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FRANCISCO -- That thing Sergio Romo does, wagging his tongue between his lips as he readies to release the ball, he says he's not conscious of the nuance.
"I don't ever pay attention to it," he said on Thursday night. "It just kind of happens."
The Giants couldn't care less about his antics as long as their closer of the moment continues to do the job. And that he did, finishing off a 2-0 win over the Tigers in Game 2 of the World Series with the save and a flourish at AT&T Park.
The Giants lead the best-of-seven Series, 2-0, and, after Friday's off-day, resume with Game 3 on Saturday at Comerica Park (4:30 p.m. PT air time on FOX, 5:07 PT first pitch).
The Tigers on Thursday had Miguel Cabrera and Prince Fielder waiting in the wings in the ninth inning, when Romo came on to follow Madison Bumgarner and Santiago Casilla. No problem. Romo made quick work of Quintin Berry, Austin Jackson and Omar Infante. Inning and game over.
Romo says it makes no difference if he's pitching in the seventh, eighth or ninth inning or whether the likes of Cabrera and Fielder are lurking.
"I have to get outs," Romo said. "I've heard that some guys can pitch in certain innings and other guys can't. I don't have time to think of that stuff. My team has the confidence in me to get the job done in any situation. I have to believe and trust in that faith they have in me. Worrying about not being able to do it? That's not even a thought in my mind."
Sergio Romo's postseason statistics
Romo has been in and out of the closer role this season, which began when the incumbent, Brian Wilson, underwent Tommy John reconstruction surgery on his right elbow. For a while, Giants manager Bruce Bochy used Casilla, who had 25 saves in 31 opportunities. When that ran its course, he turned back to Romo, who had 14 in 15 opportunities before notching two more this postseason.
Two years ago, when the Giants defeated the Rangers in five games to win the World Series for the first time since 1954, Wilson had 48 saves during the regular season and another six in the postseason, including the clincher in each series.
As Wilson has rehabbed from his surgery, the guy with the big, black beard and the painted fingernails has watched with interest as the guy with the smaller beard and the wagging tongue has evolved in his old role.
"It's been fun," Wilson said on Thursday night. "It's always fun watching your teammates do well in any role and get acclimated. I just know from personal experience that pressure is perception. If you can go out there and maintain a good, positive attitude, and keep your mojo going, you're going to be more successful than not."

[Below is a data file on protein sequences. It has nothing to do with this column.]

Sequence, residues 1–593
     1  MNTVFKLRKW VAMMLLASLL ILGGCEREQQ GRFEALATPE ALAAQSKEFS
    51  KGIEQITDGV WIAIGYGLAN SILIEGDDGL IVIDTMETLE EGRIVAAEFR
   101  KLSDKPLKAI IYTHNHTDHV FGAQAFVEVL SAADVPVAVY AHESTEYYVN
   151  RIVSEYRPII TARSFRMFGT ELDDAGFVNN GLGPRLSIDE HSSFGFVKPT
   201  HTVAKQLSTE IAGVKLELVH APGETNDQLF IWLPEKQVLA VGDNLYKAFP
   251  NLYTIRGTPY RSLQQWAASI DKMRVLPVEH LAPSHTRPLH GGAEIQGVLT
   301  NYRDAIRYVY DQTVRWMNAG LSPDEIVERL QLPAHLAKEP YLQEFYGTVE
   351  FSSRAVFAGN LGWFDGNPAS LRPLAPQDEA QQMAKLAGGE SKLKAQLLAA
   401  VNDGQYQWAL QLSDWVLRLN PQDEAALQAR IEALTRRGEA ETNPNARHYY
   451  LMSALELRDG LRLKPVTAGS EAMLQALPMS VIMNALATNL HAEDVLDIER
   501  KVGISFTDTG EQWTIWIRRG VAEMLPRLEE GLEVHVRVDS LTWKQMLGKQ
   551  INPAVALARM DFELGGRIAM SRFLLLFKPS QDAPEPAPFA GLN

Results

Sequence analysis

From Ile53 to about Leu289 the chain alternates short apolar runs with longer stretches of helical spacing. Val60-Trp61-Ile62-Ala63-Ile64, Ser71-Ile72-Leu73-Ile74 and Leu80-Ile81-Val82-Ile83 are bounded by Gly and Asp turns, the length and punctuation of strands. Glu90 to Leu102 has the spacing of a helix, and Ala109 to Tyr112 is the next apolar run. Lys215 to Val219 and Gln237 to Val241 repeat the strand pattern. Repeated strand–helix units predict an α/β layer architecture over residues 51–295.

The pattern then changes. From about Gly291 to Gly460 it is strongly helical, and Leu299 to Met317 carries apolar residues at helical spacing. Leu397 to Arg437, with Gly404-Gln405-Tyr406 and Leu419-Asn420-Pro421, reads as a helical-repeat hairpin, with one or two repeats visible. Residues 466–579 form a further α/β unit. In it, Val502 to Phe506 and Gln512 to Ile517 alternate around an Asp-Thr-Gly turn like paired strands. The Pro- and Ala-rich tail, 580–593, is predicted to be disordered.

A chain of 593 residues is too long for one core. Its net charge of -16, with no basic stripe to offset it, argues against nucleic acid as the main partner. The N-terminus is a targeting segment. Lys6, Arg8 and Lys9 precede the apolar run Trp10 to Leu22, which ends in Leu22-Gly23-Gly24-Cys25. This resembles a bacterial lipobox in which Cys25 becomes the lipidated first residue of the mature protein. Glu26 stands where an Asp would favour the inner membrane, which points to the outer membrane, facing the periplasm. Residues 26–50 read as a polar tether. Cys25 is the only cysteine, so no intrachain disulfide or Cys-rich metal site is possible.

Romo seems to have no problem with either his perceptions or his mojo. He's so loosey goosey on the bench that for the first five innings of every game, he says, "I'm just a fan. When I hear someone call my name to get ready, then I get serious."
So Romo had no problems conducting a lengthy in-game interview with the FOX crew on Thursday night as Bumgarner and Doug Fister were locked in a scoreless duel that didn't begin to nudge open until the Giants scored their first run on a double-play grounder in the seventh inning.
Bullpen mate Jeremy Affeldt said he pays little attention to Romo's antics.
"I'm not really with him," Affeldt said. "He's on the top step doing his funky stuff. You know, I'm not really that kind of guy. I'm watching the game from a different angle, and I'll be underneath sometimes just trying to get ready, trying to get heated up. I could be brought in in different situations. With him, he's just doing his thing. He's a different personality."
That seems to be the mold for Giants closers. A 28th-round pick by the Giants in the 2005 First-Year Player Draft, Romo came up through the organization as a middle-inning reliever and mop-up guy. Heading into the 2012 season, Romo had only had eight save opportunities in 207 appearances. He converted three of them.
At 29, he was the definition of the setup man, and that's how Bochy used him. Then Wilson got hurt, and Casilla went on the blink. And now the veteran right-handed Casilla is setting up Romo.
"Well, if you know him, he loves [to close]," Bochy said. "He loves being out there with the game on the line. That's what you love about him. He's not afraid, and he controls the baseball very well. He has a good slider and the ability to keep his composure out there in that ninth inning. That's always a tough inning.
"He's got the makeup to be out there, and he's done a great job doing whatever role I put him in. But I do think he really enjoys closing."
Romo evidently does, and he's not afraid to punctuate the moment with a wag of the tongue.